Monday, March 29, 2004

A call to arms
By David Mixner
From The Advocate, April 13, 2004
For 40 years I have had the honor of participating in some of the great social movements of our time. Who can forget the fire hoses and dogs Birmingham, Ala., used against young African-Americans fighting for their rights or the horrible charge of police on horseback into the marchers at Selma? The images of thousands of anti–Vietnam War protesters being beaten senseless at the Chicago Democratic convention in 1968 are ingrained in the minds of millions.

Never will I be able to forget the shooting of students at Kent and Jackson State colleges. The power of hundreds of thousands of women fighting for equal rights and for the right of choice is a lesson in organizing for us all. The heroic story of Nelson Mandela leaving prison, becoming president, and forgiving his tormentors is legend.
Our community will always honor those who fought at Stonewall. We will never forget countless thousands who took care of those dying of AIDS while fighting for lifesaving treatments and justice. The members of our nation’s military who came out and gave up their careers to advance our liberty are all heroes. The countless Matthew Shepards who have been beaten to death will always be in our hearts.

I come out of a history built on the greatness of others. I have seen nameless individuals change nations, performing heroic deeds in the face of death. Now it’s your turn: The most important battle in the history of the GLBT civil rights movement is upon us. Future generations of young people will remember those who stand up now to be counted.


Mass. Marriage Battle Rages On
Monday, March 29th 2004
BOSTON -- The Massachusetts legislature moved one step closer to a constitutional amendment that would forbid same-sex couples from participating in marriage and instituting a compromise that would make it the second state in the country to legalize civil unions.
Lawmakers on Monday moved to prevent other riders from being attached to the amendment, including one proposal that would have cut the benefits granted to gay couples in civil unions and another that would have allowed voters to ban marriage equality absent the civil union alternative.

how nice.. to have limited rights.. wow.. I should feel so lucky to live in a country that has a non-elected president, that goes to war on lies, and limits rights..

Maryland Advances Limited Partnership
Monday, March 29th 2004
ANNAPOLIS, Md. -- A key Maryland House committee voted on Friday to approve the creation of a statewide domestic partnership registry that would give gay men and lesbians in relationships the right to make medical decisions for their partners.


Hate mail targeting gay rights supporters
By The Associated Press
March 29, 2004
Dozens of threatening letters have been sent to people in Colorado over the past four years, apparently targeting them as gay rights supporters through their comments in the media. A leaflet enclosed in the mailings, titled "Homosexual Rights or Bold Faced Lie?," lists biblical passages the author says condemn homosexuality. The mailings are signed by the "Watcher." Some leaflets also contain handwritten notes, which in one case read "I will enjoy — watching you die," the Colorado Anti-Violence Program said Monday.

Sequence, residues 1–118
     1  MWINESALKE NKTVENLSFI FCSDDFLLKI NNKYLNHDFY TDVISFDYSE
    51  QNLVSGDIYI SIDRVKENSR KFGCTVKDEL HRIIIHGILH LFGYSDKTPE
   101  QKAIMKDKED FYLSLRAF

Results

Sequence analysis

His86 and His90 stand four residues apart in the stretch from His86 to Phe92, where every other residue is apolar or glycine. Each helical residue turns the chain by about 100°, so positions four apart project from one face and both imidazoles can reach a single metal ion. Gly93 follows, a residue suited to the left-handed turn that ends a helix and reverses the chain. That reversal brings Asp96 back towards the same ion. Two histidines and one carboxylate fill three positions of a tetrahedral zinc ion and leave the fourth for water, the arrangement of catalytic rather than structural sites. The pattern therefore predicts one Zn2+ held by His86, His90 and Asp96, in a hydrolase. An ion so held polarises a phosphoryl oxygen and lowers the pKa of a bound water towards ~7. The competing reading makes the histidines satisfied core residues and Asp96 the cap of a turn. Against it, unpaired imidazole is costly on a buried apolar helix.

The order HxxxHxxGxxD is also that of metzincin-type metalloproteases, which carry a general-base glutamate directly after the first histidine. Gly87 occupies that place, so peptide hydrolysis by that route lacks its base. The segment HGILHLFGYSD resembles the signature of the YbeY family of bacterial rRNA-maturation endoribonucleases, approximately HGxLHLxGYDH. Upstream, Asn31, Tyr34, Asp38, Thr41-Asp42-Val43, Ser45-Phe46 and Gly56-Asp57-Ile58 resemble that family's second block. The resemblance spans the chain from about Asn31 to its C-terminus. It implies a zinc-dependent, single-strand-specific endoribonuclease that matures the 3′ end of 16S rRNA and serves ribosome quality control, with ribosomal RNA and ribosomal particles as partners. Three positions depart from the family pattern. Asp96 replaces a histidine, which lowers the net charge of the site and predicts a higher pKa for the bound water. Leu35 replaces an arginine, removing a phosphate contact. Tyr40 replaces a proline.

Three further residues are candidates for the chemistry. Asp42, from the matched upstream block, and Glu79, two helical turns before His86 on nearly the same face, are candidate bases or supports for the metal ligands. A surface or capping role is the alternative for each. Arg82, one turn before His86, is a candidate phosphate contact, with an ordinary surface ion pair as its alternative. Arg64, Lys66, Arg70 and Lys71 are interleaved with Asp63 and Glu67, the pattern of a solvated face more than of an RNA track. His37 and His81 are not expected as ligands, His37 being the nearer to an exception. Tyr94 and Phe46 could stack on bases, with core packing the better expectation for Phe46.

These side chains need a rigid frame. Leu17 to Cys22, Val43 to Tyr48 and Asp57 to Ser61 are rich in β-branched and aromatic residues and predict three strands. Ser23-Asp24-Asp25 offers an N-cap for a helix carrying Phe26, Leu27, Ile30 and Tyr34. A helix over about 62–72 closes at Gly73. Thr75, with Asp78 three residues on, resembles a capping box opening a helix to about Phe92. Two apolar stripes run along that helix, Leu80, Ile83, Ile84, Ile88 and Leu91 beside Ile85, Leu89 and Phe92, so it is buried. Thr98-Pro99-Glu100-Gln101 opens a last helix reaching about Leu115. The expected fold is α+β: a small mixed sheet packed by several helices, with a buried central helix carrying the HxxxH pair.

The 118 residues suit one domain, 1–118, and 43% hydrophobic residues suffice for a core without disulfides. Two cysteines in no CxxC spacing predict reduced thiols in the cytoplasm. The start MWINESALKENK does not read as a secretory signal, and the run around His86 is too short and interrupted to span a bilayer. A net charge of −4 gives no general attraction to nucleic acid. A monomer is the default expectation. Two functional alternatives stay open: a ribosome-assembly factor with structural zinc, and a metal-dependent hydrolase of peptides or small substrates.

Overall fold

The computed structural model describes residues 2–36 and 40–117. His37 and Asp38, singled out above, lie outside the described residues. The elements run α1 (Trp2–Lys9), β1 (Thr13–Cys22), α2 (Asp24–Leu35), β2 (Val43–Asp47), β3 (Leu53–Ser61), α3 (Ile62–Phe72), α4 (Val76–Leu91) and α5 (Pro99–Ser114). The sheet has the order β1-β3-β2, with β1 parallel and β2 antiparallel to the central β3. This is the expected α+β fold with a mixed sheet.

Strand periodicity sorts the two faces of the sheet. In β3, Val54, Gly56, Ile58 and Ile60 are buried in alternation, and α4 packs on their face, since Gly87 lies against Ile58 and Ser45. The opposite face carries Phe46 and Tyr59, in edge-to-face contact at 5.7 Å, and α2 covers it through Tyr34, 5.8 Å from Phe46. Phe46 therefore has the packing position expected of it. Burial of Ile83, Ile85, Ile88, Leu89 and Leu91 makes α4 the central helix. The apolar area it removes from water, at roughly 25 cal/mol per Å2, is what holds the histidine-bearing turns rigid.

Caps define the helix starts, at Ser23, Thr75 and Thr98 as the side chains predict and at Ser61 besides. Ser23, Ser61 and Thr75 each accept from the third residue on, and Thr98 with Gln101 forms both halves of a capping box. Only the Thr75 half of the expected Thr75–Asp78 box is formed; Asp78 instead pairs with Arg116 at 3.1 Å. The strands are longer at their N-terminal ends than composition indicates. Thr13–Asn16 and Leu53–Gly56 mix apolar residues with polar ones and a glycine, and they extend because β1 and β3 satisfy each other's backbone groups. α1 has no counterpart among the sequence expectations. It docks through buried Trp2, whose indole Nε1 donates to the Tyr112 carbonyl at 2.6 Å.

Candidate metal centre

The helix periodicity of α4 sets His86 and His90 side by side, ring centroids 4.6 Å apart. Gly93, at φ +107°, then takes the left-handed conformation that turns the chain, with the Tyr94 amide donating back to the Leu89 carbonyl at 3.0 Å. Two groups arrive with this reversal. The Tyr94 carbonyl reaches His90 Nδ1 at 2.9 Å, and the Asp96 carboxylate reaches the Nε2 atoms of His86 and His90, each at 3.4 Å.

Ohio: 58 gay couples denied licenses
In an act that has been replicated in cities across the country, 58 same-sex couples in Ohio filed into a county courthouse on Friday to obtain marriage licenses, but all were denied. The couples filled out marriage license forms and paid $40 fees before appearing, in pairs, in front of Cuyahoga County Probate Judge John Donnelly, who refused to grant the licenses, the Cleveland Plain Dealer reported.


A kick in the teeth
By Christopher Rice
From The Advocate, April 13, 2004
I think it’s safe to say that President Bush has no idea that in proposing an amendment to the Constitution to ban gay marriage he has accomplished something that no other event or political figure has managed to do: He has galvanized a previously apathetic generation of gay men in their mid to late 20s.
We are the first gay generation to be maligned and dismissed not by our straight oppressors but our gay aunts and uncles. The Gay & Lesbian Review Worldwide is full of dire warnings about us. We are too satisfied with our vapid media representations on reality television. We are too hungover and broke from circuit weekends to fathom our continuing oppression. We have mistaken retail recognition for social acceptance.


Gay marriage’s secret weapons
Local politicians, like New Paltz, N.Y., mayor Jason West, are the most effective activists for marriage equality
By Christopher Lisotta
From The Advocate, April 13, 2004
Openly gay Nyack, N.Y., mayor John Shields is not performing same-sex marriages, but he’s not sitting on the sidelines. He is suing the New York State Department of Health, which regulates marriage licenses, and lobbying state lawmakers for support. “We’re taking a different strategy, and my lawyer’s experience is, the more strategies you take on a civil rights issue, the better off you are,” says Shields.